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  1. #1


    Member Since
    Oct 22, 2007
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    14
    Switching Windows
    Hi all, I just purchased a new macbook, something I have always wanted but couldn't afford. I am running into a few issues though and I am hoping someone can help me out with.

    The first problem I am having is with flipping to different windows (programs). This is a fairly simplistic thing so I must be missing something. Unlike windows, there is no tool bar to quickly pop the needed window up. I read where I can use option+Tab but why in the world would I need to use key commands to do some thing so simple? On that note, while I was searching the forums to see if I could find the answer to do this, I keep running into replies to questions being "press x,x,x". I really don't want to have to memorize key commands. Is the Mac totally dependant on them?

    Second, do macbooks support duel screens (an external monitor used in conjunction with the macbook display)?

    Last question is about web browsers. I have grown totally dependant on tabs. Safari is driving me nuts. Since MS doesn't make an IE for Mac any longer is there one that you recommend? I tried Fire fox but is was slow.

  2. #2

    cwa107's Avatar
    Member Since
    Dec 20, 2006
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    Quote Originally Posted by Erieg View Post
    Hi all, I just purchased a new macbook, something I have always wanted but couldn't afford. I am running into a few issues though and I am hoping someone can help me out with.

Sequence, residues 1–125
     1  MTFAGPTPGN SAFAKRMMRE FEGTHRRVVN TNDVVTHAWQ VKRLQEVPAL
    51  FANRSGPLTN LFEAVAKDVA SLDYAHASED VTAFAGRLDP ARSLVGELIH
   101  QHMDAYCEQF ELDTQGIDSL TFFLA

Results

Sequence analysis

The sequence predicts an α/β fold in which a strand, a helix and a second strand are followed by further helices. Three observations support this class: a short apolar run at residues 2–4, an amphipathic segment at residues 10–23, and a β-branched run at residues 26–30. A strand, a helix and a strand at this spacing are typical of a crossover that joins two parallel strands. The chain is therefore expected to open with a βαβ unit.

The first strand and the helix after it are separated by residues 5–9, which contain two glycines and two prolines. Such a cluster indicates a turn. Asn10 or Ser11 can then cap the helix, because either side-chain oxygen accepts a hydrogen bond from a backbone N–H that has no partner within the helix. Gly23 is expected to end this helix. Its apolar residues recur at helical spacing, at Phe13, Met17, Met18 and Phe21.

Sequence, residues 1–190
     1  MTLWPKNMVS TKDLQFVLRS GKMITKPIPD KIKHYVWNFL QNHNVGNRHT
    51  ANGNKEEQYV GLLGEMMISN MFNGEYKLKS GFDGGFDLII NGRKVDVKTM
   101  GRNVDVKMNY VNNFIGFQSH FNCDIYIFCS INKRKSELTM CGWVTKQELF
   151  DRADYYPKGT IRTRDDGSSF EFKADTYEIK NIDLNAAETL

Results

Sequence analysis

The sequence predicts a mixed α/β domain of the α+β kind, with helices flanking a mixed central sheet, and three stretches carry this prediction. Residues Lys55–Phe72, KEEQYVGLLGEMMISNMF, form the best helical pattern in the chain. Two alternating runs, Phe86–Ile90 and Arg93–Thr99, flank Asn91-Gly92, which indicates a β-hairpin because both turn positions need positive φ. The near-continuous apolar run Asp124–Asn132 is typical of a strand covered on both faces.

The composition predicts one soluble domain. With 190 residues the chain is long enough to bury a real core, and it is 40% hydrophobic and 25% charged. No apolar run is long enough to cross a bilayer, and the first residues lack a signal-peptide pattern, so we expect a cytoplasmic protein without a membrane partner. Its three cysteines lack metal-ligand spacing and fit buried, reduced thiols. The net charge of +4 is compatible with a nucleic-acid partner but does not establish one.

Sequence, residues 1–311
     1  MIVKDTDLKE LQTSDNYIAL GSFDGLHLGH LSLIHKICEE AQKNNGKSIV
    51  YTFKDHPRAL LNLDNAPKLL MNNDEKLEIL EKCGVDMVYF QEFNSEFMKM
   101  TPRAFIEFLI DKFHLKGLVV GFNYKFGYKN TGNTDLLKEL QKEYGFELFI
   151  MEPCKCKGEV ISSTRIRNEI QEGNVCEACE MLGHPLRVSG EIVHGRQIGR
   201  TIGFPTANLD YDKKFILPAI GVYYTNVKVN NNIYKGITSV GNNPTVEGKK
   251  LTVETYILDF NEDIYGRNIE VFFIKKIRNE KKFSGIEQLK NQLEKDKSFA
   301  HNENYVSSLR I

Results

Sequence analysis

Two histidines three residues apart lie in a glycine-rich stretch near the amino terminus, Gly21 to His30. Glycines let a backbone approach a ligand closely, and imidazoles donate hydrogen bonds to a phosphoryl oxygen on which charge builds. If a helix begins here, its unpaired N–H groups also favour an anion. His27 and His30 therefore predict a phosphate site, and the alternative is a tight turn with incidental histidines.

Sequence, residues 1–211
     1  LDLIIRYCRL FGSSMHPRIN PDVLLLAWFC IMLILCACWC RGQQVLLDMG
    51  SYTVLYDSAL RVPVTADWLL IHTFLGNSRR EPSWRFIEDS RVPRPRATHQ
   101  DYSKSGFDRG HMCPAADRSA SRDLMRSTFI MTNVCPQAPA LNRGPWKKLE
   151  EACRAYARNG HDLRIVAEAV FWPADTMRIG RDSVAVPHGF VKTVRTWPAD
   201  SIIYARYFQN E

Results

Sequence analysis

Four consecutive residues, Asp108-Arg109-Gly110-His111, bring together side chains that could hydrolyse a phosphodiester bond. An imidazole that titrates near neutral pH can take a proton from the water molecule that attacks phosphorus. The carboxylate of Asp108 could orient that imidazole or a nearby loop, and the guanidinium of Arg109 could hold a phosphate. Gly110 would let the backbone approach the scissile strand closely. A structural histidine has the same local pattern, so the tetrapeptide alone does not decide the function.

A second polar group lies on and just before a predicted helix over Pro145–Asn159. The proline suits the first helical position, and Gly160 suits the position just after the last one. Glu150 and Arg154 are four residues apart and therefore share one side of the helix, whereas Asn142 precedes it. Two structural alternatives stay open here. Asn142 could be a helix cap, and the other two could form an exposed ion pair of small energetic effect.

The first problem I am having is with flipping to different windows (programs). This is a fairly simplistic thing so I must be missing something. Unlike windows, there is no tool bar to quickly pop the needed window up. I read where I can use option+Tab but why in the world would I need to use key commands to do some thing so simple? On that note, while I was searching the forums to see if I could find the answer to do this, I keep running into replies to questions being "press x,x,x". I really don't want to have to memorize key commands. Is the Mac totally dependant on them?
    In general, when you minimize an application, it is sent to the right side of the dock, where you'll have an icon representing the application's window. Clicking on it will bring the application up and to the forefront, much like Windows. You can also toggle between Applications using Command-Tab (like Alt-Tab in Windows) or by using the Expose feature, which shows all of your application windows simultaneously. No, the Mac isn't dependent on shortcuts, but it is helpful to memorize them to save yourself some work.